Compute FAQ

How do I get help with the RIS Compute Service?

Where can I find RIS Compute Documentation?

Where are the RIS computing services physically located?

How do I Obtain an account?

How do I change my password?

How do I log into the Compute environment?

How do I make it so I can log in without having to use my password?

  • We suggest you make use of SSH keys to log into the compute clients, see SSH Key-Pair Setup.

How do I launch jobs in the HPC environment?

  • See our Quick Start guide for submitting your first job. Further information can be found elsewhere in this documentation for more complex examples.

How should I name my files and directories?

Is there a way to summarize usage statistics?

  • This is actively being developed.

What does it mean to have a “Compute Condo(minium)”

  • Faculty members may purchase dedicated hardware for their labs to form what we refer to as a “condominium”. In this model, a “condo” is formed out of a set of hardware that we put into a Host Group.

  • Then we create a pair of Queues named after the Lab, eg labname and labname-interactive.

  • Then we create an AD group named compute-labname and populate it with Users. That group then gets priority access to that lab.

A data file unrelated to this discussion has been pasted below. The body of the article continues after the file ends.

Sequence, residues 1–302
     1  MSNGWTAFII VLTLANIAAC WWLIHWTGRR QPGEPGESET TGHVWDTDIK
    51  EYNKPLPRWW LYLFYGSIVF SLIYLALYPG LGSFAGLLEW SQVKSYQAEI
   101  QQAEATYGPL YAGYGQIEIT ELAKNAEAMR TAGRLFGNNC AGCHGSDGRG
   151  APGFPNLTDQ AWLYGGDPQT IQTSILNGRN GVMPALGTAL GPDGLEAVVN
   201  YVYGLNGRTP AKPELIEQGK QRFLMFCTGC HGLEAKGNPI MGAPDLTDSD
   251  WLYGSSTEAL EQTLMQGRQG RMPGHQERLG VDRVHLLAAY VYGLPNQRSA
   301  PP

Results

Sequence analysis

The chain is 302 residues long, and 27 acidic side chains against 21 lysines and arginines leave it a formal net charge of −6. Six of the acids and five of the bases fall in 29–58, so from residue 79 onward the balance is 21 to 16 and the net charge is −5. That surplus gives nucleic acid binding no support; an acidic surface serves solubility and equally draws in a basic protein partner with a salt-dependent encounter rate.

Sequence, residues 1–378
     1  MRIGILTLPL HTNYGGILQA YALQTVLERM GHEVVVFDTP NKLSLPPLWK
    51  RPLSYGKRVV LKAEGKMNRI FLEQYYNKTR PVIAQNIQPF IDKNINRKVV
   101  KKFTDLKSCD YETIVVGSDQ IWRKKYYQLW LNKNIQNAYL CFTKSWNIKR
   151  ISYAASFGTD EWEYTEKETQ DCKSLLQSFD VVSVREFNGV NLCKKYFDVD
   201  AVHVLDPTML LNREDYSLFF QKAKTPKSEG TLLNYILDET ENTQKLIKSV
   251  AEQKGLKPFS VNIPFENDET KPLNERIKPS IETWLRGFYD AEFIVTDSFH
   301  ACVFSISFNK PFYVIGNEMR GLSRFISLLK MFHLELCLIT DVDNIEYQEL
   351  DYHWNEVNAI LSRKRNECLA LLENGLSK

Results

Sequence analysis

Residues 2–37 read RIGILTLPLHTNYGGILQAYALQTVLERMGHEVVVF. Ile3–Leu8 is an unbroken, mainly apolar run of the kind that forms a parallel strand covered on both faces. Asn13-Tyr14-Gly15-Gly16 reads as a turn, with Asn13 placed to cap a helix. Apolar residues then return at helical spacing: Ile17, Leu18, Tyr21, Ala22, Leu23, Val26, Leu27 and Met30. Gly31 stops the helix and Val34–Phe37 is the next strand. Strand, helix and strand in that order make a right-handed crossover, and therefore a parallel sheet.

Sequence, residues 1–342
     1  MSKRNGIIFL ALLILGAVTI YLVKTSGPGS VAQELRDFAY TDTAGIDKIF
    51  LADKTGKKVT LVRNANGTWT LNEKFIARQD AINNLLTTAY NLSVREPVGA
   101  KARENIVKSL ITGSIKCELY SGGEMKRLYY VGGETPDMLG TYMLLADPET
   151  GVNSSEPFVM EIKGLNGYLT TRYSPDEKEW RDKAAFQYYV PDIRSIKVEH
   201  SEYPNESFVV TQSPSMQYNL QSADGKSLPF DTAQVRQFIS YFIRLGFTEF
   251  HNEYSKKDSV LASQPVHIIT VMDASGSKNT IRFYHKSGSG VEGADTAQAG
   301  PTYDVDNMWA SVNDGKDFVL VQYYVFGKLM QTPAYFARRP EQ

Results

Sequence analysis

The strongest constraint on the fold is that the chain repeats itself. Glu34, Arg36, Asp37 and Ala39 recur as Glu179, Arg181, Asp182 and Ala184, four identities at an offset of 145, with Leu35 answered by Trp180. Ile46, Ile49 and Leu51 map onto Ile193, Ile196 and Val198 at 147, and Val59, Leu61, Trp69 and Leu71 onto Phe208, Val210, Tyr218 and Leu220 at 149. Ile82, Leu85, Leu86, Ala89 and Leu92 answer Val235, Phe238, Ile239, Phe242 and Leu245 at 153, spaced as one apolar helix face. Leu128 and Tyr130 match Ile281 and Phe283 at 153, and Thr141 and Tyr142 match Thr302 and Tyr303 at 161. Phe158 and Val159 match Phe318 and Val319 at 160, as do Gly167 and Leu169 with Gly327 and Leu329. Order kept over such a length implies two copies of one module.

• Please see the Compute Recipes section for more examples and details.

Are there general access computing resources?

  • Yes. The “general” and “interactive” job queues are serviced by a set of execution nodes in a Host Group named “general”.

What is the difference between the general and the general-interactive queues?

  • The general queue runs batch jobs much like the traditional HPC setting. They run in the background in the queue system.

  • The general queue also makes use of cache system, which you can learn more about here.

  • Jobs in the general queue can run for up to 28 days.

  • The general-interactive queue runs jobs interactively so that you can interact directly with them or watch a job.

  • The general-interactive queue does not use the cache system and instead interfaces with the Storage Platform directly.

  • Jobs in the general-interactive queue can run for up to 24 hours.

  • Please see the general queue policies for more information.

What does the Compute Service price include?

  • Colocation facilities worthy of hosting production quality computing hardware, datacenter space

  • Power and cooling of the physical space

  • Physical security

  • Identity Managment: User accounts, groups, access controls and permissions

  • Execution nodes: Varying by CPU flavor, speed, RAM quantity, local hard drive space, etc.

  • Networking: All of the above for networking systems

  • Storage: All of the above for storage systems

  • Data security: Operating system and software updates, incident response

  • Integration: Interconnects that provide appropriate bandwidth and Input/Ouput operations per second